Someone encountering the Internet for the first time might be forgiven for assuming it was created specifically for teenagers. Indeed, the Internet could reasonably be said to have been aging backwards since its birth – the domain first of scientists and the military, then of university students in the 1990s and now children and teenagers. 

It’s been widely said that attention is the currency of the 21st Century. In an age where media occupy an increasingly central role in our lives, the need to have that media focused on you becomes intense. For no-one is this more true than for children and teens, who now expect to be connected twenty-four hours a day and for whom the Internet and cell phones are essential parts of their social lives. An interesting Facebook page, amusing Tweets, outrageous YouTube videos, even shocking photos sent by cell phone – most of us are aware of the ways that young people seek their peers’ attention. In today’s media environment, is it still possible to teach young people the value of privacy? What, indeed, does the idea of privacy even mean to today’s children and teens?

With the tremendous success and spread of social networking sites like Facebook and MySpace, along with home-broadcasting sites such as YouTube and Flickr, many people have become concerned about what effect they will have on our attitudes towards privacy. Now a new question has arisen: whether Facebook postings violate the Youth Criminal Justice Act if they identify suspects or victims covered under the act.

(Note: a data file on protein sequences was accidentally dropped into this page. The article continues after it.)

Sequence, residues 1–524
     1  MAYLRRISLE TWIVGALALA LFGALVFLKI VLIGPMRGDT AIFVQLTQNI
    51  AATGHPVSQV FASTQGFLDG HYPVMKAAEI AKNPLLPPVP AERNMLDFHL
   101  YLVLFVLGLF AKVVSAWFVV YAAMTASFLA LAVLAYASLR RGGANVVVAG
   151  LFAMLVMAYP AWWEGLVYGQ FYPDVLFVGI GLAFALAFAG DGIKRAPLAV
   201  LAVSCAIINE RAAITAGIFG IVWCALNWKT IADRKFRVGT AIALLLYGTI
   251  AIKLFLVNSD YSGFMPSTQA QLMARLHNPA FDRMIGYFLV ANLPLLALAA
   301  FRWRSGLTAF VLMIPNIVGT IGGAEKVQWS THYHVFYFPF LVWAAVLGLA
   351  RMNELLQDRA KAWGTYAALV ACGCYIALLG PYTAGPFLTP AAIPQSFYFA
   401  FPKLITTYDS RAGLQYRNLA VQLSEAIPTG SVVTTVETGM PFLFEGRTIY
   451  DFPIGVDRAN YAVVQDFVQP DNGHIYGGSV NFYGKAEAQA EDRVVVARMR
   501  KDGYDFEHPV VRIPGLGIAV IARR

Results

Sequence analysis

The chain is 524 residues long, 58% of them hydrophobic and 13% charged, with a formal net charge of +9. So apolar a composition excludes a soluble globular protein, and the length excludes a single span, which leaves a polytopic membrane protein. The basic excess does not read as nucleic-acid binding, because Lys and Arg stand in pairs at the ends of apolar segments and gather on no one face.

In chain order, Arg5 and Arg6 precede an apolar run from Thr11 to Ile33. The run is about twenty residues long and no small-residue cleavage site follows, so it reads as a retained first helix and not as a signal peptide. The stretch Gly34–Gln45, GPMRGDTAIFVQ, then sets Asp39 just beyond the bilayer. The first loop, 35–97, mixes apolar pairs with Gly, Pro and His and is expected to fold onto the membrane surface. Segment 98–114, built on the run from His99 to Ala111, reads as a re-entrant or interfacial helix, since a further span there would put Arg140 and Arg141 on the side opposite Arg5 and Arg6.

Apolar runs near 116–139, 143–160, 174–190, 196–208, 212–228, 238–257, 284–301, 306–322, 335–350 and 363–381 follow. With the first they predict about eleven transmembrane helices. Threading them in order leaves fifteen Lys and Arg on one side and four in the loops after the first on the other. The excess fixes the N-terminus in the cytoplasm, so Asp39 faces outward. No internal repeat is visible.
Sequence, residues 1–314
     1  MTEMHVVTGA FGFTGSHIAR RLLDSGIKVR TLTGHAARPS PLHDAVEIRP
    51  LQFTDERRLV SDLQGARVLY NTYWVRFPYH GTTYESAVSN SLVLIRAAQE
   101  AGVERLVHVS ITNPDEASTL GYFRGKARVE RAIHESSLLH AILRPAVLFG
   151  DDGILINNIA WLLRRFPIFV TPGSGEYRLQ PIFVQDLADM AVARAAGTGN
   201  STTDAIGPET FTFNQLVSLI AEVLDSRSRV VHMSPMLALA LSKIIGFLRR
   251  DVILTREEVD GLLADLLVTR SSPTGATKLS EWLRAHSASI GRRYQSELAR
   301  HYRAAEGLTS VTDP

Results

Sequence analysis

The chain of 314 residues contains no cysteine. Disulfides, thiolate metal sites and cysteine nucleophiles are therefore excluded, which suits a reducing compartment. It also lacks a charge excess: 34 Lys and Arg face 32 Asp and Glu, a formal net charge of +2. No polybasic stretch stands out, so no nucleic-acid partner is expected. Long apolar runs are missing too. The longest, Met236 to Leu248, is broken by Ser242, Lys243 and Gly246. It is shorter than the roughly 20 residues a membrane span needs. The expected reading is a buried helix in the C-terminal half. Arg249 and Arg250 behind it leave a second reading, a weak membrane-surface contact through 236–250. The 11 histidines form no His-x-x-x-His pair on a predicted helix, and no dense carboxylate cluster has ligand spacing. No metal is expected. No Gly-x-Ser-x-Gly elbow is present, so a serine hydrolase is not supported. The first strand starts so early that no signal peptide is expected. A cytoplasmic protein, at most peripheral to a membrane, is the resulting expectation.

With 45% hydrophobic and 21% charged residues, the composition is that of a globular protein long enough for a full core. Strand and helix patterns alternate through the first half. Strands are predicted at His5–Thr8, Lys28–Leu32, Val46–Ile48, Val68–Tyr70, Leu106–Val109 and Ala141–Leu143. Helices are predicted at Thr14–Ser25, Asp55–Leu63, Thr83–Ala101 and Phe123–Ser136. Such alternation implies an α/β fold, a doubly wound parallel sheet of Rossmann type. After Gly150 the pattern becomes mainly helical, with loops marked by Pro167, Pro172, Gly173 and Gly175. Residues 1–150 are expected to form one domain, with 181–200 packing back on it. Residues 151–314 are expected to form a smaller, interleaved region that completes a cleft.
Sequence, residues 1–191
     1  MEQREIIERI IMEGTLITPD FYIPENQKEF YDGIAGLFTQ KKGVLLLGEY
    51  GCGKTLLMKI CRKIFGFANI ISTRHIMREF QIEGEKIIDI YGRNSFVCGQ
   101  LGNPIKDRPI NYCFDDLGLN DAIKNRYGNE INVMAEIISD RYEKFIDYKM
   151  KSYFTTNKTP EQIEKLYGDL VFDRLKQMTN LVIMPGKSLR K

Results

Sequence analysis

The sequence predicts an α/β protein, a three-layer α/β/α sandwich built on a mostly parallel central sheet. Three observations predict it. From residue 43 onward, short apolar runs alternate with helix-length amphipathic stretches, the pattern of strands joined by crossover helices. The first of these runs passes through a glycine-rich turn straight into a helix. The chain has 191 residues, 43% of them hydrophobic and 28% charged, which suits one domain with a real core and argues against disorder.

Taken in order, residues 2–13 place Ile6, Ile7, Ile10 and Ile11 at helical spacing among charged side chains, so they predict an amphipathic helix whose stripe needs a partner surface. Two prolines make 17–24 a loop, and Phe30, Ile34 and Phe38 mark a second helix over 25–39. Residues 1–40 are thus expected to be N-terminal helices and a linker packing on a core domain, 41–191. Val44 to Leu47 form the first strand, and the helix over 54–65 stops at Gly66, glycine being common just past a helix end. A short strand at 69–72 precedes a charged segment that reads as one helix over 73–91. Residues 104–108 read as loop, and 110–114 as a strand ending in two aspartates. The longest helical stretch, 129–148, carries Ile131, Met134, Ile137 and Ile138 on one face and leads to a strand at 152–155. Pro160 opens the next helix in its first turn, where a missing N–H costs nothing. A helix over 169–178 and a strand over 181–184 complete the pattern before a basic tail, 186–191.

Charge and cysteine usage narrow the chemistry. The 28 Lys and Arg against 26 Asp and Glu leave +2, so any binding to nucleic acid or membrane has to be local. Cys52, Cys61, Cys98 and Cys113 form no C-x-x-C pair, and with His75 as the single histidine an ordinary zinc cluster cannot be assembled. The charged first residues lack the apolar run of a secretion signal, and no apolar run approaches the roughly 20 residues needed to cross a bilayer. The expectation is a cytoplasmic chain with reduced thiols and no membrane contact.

With all the recent attention focused on stories of teenagers charged with distributing child pornography for taking sexually suggestive pictures of themselves, jobs lost due to Facebook and MySpace entries, and libel suits over blog posts, people are justifiably concerned about the permanence of material posted to the Internet. Many a teacher or parent has had to carefully explain to children or teens that whatever they post online might be seen by people other than the intended audience, and might be out there for a very long time.

Educational games have had a troubled history. At their worst, they have been neither educational nor games; even at their best they have faced scepticism from educators, game designers and especially children. The standard response to being given an educational game – This is supposed to be fun? – might be compared to finding a Brussels sprout at the centre of a Tootsie Pop. Teachers, meanwhile, are rightly concerned that the educational content of these games might be outweighed by the entertainment value. Already loaded down with curriculum that has to be delivered, many educators feel they don’t have the time to spare on anything but direct instruction.

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